China to relax a zero-Covid policy after nation-wide protests
China’s top Covid official and multiple cities have signalled a possible relaxing of the country’s strict zero-tolerance approach to the virus, after nationwide protests calling for an end to lockdowns and greater political freedom.
Anger over China’s zero-Covid policy — which involves mass lockdowns, constant testing and quarantines even for people who are not infected — has sparked protests in major cities, including Beijing, Shanghai and Guangzhou.
But while authorities have called for a “crackdown” in the wake of the demonstrations, they have also begun hinting that a relaxation of the hardline virus strategy could be in the works.
Speaking at the National Health Commission on Wednesday, Vice Premier Sun Chunlan said that the Omicron variant was weakening and vaccination rates were improving, according to the state-run Xinhua news agency.
Sun — a central figure behind Beijing’s pandemic response — said this “new situation” required “new tasks”.
She made no mention of the zero-Covid policy in her latest remarks, suggesting an approach that has disrupted the economy and daily life might soon be relaxed.
The comments came as the Chinese capital said it would scale back daily testing requirements — a tedious mainstay of life under zero-Covid.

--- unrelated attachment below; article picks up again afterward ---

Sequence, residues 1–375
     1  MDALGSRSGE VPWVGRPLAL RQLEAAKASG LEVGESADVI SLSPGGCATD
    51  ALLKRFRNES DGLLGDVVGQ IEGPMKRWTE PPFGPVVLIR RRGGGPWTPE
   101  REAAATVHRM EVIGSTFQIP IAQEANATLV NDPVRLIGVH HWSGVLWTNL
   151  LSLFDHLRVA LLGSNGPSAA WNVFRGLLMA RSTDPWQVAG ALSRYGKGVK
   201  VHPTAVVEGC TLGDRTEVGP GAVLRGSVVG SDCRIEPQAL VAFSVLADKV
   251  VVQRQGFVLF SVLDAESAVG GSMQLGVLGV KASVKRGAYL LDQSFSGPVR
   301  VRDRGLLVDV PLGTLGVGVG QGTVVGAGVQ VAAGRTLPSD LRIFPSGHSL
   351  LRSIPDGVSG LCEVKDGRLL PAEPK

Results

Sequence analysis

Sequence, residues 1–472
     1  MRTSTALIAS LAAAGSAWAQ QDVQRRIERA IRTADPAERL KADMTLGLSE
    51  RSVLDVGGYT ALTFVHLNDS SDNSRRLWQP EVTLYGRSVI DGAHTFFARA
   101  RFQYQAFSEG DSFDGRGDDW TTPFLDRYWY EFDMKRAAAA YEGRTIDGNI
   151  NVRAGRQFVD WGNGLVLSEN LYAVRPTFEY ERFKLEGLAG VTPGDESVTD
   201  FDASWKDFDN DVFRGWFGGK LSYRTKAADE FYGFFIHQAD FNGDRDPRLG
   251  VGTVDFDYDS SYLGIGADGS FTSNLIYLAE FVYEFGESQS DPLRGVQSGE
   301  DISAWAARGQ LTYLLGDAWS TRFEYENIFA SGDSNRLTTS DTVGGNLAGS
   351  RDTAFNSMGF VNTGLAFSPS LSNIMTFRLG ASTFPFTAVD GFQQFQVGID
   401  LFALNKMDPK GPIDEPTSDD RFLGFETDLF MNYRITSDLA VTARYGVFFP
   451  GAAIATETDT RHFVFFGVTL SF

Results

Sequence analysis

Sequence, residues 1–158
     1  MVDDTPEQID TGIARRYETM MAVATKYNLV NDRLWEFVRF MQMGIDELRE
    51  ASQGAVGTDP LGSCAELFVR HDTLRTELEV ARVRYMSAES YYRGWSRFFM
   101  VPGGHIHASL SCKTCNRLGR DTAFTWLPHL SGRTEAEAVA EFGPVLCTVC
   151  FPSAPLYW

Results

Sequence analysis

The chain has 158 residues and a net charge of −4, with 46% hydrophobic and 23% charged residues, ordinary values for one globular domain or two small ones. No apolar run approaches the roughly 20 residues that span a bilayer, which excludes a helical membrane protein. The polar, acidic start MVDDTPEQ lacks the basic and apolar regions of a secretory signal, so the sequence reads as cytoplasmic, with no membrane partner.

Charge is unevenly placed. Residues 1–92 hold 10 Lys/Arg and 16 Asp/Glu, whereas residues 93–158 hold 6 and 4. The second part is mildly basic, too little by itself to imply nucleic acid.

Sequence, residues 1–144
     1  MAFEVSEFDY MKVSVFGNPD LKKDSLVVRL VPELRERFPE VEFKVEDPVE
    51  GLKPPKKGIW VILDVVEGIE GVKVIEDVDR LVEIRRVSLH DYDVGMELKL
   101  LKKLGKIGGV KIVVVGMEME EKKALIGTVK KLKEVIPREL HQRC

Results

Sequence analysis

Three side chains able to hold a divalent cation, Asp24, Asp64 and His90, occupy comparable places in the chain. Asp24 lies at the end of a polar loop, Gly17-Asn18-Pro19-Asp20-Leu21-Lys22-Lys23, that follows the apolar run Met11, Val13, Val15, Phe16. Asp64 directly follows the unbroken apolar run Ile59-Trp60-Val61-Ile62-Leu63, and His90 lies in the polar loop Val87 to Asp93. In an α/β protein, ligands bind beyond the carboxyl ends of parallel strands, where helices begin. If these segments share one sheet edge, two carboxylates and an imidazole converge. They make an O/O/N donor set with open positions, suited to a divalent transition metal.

The elderly, those who work from home, students and teachers in online education, and others who do not leave home frequently are now exempt from daily tests, Xu Hejian, a spokesman for the Beijing Municipal Government, said on Wednesday.
However, Beijing residents still require a negative Covid test taken within 48 hours to enter public places such as cafes, restaurants and shopping malls.
A report by the state-owned Southern Metropolis Daily said on Thursday that local officials in Beijing and Guangzhou were planning to allow some positive Covid cases to quarantine at home instead of at state-run facilities.
The report was later deleted, and AFP requests for confirmation from local authorities in those cities went unanswered.
Southern manufacturing-hub Guangzhou — the site of dramatic Tuesday night clashes between police and protesters — also announced an end to daily mass testing for those who do not need to leave home frequently, including the elderly and infants.
On Thursday, Haizhu district, where recent protests took place, went a step further, saying only those in certain sectors including medical staff, pharmacists, and sanitary and delivery workers require daily tests.
Officials the previous day also partially lifted a weeks-long lockdown, despite seeing record virus cases, easing restrictions to varying degrees in all of its 11 districts, including Haizhu.
The central city of Chongqing also said on Wednesday that close contacts of Covid cases who met certain conditions would be allowed to quarantine at home — a departure from rules that required them to be sent to central isolation facilities.
Sun’s remarks, as well as relaxations of rules by local authorities, “could signal that China is beginning to consider the end of its stringent zero-Covid policy,” ANZ Research analysts said.
“We believe that Chinese authorities are shifting to a ‘living with Covid’ stance, as reflected in new rules that allow people to do ‘home isolation’ instead of being ferried away to quarantine facilities.”
The country reported 35,800 domestic covid cases on Thursday, most of them asymptomatic.